Review: Becoming Dr. Ruth

Becoming Dr. Ruth; 8 p.m. Thursday and Friday, 5 p.m. and 9 p.m. Saturday, 2 p.m. Sunday, 6:30 p.m. Tuesday, 2 p.m. and 6:30 p.m. Wednesday; $26-$38. B Street Theatre, 2711 B Street; (916) 443-5300; Through Feb. 26.
Rated 4.0

Mark St. Germain is known for his entertaining plays about figures from our past, covering the likes of Typhoid Mary, Thomas Edison and Tammy Wynette, to name a few. And while St. Germain is adept at what he does, I’ll confess I approached Becoming Dr. Ruth with trepidation. Dr. Ruth Westheimer had a great run as a pop culture icon 40 years ago: a diminutive matron (with a distinct accent) enthusiastically dispensing frank sex advice on the radio. Folks listened discreetly, just as white ’50s teens surreptitiously tuned into stations featuring African-American artists and ’60s teens sampled forbidden psychedelic rock.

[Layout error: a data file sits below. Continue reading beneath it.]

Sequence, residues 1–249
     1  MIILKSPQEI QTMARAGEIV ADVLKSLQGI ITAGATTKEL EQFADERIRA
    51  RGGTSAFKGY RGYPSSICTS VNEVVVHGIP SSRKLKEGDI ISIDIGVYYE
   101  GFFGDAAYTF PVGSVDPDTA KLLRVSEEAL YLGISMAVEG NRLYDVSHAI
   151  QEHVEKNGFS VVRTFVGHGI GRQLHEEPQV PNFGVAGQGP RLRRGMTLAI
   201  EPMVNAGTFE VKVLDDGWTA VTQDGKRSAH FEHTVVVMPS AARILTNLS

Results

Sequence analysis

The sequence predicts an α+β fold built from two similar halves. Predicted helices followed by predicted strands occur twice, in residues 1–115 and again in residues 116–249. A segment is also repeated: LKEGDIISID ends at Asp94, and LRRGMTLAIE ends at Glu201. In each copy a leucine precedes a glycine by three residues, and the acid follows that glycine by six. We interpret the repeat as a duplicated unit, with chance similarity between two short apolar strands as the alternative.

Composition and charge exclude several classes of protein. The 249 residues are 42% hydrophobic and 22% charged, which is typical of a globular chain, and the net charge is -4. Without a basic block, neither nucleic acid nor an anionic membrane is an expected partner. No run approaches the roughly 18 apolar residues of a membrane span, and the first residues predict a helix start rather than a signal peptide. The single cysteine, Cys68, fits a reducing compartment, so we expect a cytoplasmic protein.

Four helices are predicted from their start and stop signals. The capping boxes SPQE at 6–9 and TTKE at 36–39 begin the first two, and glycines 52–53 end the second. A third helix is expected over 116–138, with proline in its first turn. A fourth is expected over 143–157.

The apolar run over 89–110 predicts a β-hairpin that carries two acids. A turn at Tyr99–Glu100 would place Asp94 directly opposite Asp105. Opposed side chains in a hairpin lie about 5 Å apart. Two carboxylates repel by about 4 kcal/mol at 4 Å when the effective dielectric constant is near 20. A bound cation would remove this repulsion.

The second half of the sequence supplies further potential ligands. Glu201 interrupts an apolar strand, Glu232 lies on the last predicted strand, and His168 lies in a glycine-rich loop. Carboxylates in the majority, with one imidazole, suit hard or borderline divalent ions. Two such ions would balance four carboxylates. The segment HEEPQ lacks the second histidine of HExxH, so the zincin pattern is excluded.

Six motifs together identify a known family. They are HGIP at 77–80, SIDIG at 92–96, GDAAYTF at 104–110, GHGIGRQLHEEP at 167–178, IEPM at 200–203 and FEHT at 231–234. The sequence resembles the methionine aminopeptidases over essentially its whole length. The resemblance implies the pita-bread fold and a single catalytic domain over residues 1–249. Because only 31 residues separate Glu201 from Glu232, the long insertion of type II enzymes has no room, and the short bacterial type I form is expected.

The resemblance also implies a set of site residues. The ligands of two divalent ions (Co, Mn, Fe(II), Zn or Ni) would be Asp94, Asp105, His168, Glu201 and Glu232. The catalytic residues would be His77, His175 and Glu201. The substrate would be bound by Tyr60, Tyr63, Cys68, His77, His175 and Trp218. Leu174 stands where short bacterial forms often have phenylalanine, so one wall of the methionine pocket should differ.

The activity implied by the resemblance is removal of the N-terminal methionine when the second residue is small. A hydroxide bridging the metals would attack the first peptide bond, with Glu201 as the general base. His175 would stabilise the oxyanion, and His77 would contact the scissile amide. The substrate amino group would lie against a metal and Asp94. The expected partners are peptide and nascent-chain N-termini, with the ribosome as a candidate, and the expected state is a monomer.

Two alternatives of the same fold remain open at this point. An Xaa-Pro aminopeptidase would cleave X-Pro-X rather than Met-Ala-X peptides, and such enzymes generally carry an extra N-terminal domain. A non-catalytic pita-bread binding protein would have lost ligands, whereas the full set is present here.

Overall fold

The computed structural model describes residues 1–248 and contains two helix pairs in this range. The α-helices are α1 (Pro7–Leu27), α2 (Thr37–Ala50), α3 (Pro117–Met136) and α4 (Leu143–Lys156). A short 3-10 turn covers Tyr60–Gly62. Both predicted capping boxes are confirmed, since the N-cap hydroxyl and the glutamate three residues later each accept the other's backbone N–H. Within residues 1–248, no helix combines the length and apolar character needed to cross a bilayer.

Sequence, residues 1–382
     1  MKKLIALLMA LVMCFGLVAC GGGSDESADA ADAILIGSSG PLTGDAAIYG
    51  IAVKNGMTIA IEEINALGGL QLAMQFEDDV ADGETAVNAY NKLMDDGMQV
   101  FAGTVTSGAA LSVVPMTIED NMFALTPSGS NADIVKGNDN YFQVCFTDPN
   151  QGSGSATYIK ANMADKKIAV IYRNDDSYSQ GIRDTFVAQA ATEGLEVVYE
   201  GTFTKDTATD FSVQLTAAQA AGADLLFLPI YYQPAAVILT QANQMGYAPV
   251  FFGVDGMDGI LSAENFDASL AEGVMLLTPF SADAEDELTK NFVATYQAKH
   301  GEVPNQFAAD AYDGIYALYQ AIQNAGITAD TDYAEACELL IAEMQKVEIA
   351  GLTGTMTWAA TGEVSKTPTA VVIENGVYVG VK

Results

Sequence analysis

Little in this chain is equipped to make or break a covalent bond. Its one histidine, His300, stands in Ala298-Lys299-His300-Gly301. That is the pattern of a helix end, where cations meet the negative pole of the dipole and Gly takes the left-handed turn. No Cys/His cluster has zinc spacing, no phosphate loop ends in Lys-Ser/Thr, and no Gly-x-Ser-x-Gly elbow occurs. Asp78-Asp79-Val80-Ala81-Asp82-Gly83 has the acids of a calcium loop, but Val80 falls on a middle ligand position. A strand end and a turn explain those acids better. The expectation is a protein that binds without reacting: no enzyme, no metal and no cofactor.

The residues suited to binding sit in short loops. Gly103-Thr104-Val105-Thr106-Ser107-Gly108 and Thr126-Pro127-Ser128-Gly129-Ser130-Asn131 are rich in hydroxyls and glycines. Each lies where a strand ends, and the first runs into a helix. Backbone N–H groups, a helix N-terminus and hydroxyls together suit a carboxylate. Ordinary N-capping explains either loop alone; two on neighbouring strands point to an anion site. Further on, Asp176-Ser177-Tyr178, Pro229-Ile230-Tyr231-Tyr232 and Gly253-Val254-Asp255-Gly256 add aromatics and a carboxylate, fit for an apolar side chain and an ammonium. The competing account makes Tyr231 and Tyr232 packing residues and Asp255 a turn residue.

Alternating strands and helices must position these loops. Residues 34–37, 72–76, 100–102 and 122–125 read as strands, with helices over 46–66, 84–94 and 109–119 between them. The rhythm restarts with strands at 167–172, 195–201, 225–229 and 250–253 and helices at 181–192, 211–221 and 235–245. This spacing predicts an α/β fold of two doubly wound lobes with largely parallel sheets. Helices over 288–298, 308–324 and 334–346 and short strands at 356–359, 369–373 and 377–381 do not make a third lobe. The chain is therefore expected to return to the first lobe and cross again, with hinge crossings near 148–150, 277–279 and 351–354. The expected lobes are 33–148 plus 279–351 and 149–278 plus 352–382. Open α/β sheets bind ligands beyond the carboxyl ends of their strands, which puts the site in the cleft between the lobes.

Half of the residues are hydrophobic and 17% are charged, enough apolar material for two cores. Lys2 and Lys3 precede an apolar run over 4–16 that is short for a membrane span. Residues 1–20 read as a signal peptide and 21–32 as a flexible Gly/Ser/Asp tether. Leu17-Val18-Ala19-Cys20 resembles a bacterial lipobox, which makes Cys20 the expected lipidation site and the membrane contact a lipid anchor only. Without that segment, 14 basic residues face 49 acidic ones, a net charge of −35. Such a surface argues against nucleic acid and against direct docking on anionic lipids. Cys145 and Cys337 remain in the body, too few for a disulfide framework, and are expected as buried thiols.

But how do you relate Dr. Ruth to today’s young adults, who typically don’t own a radio and have only known the teeming internet packed with websites that make Dr. Ruth’s once-daring show seem tame? When I asked three 20-somethings if they knew who Dr. Ruth was, I got blank stares.

Yet Becoming Dr. Ruth pays off (even if you didn’t experience her ’80s heyday) because of her compelling back story: She narrowly escaped the Nazis as a child, then become a Jewish sniper in Jerusalem, a psychologist in Paris, a single mom and sex therapist in America, and then belatedly, a celebrity. And visiting actress Anne O’Sullivan (who understudied the role during the play’s 2013 Off Broadway premiere) is thoroughly enjoyable as a happy, indefatigable survivor in this breezy, feel-good solo show.

Jeff Hudson